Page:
How We Live: Shopping
[Sorry, the video for this story has expired, but you can still read the transcript below. ]
RAY SUAREZ: How many times today did you shop? You may have been picking up something for dinner, or grabbing a quick something to get you between meals. Maybe you were searching for something pretty, or something practical…browsing, or buying. Whether out of necessity or desire, it is all shopping. And when you add up the numbers — three and a half trillion dollars spent last year — shopping is something we all do, a lot.
Just as shopping takes up our time, it also takes up our space. We are surrounded by stores, malls, street vendors, signs. In fact, in America there is well over five and a half billion square feet of retail space.
At the same time, shopping space hasn’t always been at the forefront of architectural innovation in the same way museums and residences, churches and offices have been for centuries.
Enter Rem Koolhaas. The Dutch architect, a Pritzker Prize winner, has been teaching and writing about shopping and retail space at Harvard.
He’s also the architect behind the new Prada store in Manhattan’s SoHo district. The store is the first of three U.S. flagships he’ll do for the luxury clothing line. The lower Manhattan location opened to much ballyhoo in fashion and architecture late last year.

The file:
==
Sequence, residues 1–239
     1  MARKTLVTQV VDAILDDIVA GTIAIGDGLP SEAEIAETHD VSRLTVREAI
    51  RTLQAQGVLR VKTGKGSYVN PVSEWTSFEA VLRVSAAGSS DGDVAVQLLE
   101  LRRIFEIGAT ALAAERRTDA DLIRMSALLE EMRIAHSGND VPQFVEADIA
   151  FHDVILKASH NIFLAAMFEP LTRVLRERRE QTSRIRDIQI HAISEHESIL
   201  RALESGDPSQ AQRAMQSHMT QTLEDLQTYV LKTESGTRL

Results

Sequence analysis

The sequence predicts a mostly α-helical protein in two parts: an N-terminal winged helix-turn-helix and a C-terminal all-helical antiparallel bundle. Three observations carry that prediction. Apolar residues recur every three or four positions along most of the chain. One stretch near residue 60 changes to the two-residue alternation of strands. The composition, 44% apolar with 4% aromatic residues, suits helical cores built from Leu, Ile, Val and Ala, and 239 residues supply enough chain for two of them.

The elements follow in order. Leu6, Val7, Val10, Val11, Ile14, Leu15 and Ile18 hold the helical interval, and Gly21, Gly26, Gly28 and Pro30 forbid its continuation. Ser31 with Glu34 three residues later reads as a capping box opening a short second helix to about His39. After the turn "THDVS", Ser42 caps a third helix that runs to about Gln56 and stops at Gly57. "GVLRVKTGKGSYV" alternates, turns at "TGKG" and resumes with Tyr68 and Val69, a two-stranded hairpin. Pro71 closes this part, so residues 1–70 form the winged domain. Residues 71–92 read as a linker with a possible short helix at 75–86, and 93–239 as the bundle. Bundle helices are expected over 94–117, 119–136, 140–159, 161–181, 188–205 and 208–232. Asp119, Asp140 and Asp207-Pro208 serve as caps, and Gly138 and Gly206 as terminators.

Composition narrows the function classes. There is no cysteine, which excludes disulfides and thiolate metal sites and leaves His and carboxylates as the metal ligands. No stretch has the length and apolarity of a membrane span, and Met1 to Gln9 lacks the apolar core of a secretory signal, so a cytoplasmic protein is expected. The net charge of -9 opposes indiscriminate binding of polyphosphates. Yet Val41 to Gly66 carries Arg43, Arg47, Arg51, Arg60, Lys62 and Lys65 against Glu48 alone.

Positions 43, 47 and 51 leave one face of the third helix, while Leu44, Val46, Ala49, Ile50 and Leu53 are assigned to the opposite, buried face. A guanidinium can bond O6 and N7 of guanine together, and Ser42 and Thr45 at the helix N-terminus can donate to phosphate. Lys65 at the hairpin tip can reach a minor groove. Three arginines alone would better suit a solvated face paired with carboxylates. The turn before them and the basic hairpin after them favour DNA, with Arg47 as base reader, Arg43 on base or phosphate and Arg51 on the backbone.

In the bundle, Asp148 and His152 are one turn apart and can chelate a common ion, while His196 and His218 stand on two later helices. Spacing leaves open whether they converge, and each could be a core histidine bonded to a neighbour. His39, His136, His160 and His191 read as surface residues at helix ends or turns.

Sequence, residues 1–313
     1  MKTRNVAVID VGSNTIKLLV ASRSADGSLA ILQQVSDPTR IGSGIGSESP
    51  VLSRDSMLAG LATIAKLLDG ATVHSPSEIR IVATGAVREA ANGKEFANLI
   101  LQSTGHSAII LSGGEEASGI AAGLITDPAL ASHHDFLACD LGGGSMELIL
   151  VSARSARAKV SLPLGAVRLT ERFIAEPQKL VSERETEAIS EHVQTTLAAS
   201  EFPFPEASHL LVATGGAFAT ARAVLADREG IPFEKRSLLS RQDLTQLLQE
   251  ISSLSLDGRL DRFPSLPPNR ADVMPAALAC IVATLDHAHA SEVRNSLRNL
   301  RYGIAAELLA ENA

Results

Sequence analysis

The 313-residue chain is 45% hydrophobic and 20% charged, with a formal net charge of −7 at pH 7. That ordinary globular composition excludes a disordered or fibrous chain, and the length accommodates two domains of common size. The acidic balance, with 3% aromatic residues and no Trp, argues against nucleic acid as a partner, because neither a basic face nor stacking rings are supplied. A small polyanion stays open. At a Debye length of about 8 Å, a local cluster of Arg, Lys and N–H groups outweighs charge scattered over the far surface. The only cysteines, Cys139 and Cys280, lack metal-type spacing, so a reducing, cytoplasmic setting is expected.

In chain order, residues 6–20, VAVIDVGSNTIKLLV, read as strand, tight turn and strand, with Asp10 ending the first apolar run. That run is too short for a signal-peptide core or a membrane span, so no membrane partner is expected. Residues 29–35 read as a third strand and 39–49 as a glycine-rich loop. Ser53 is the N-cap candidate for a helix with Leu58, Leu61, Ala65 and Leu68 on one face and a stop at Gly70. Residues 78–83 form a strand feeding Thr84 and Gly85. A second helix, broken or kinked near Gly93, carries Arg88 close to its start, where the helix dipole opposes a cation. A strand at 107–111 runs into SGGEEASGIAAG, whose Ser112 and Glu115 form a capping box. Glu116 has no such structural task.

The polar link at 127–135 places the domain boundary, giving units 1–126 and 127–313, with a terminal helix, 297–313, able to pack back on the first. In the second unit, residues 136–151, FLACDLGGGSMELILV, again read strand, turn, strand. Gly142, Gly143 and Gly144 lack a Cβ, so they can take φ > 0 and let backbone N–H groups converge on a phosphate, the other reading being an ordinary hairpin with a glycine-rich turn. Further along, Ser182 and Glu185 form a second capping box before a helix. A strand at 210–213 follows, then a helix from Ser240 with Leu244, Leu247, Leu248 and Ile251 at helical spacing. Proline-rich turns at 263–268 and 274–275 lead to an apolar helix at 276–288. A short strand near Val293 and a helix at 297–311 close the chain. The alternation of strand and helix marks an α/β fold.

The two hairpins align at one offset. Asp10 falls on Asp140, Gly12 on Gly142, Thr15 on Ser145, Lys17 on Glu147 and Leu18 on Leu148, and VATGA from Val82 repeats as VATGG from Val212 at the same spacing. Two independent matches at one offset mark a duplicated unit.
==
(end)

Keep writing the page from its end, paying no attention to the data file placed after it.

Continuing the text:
Recently, we sat down with Rem Koolhaas to discuss shopping, and his work as a designer and a teacher.
REM KOOLHAAS: Official architects have kind of curiously and ironically almost never been involved in the design of commercial spaces, and so that you can really count the number where so-called important architects have been kind of responsible for commercial space, almost on one or two hands. If you look at architectural magazines, and that’s what we did, shopping is the twentieth subject in terms of articles written, on churches, education, etc., etc. So it was a territory at the same time pervasive and dominating in terms of quantities, but under-explored in terms of its implications.
The city used to be something that you get for free. It’s been a public space, and it enables the citizens to assemble in a kind of collective sense, but basically through the process, effects of the market economy and through the withdrawal of the public sector and the kind of complimentary invasion of the private sector, which is expressed through shopping, the nature of the city has changed from something that is fundamentally free, to something that you have to pay for, so that even in educational establishments, even in religious establishements and certainly in cultural establishments there is always this kind of commercial presence and–
RAY SUAREZ: So the museum store and the cathedral store…
REM KOOLHAAS: And the cathedral store and even to a large extent the economies of these institutions is dependent on shopping. So therefore there is a continuous encroachment in each different atmosphere. Each different sphere has this pressure to buy
RAY SUAREZ: And when you design a place, what do you have to keep in mind as the designer?
REM KOOLHAAS: Well, what you have to keep in mind is, of course, that it’s about display, and it means that there are almost demands similar to a gallery or even museum in a sense, that whatever is in store has to look in a particular way, and that you also have to be able to kind of recontextualize it to give it a degree of theatricality, but we also simply made an inventory of all the things that are really annoying when you shop.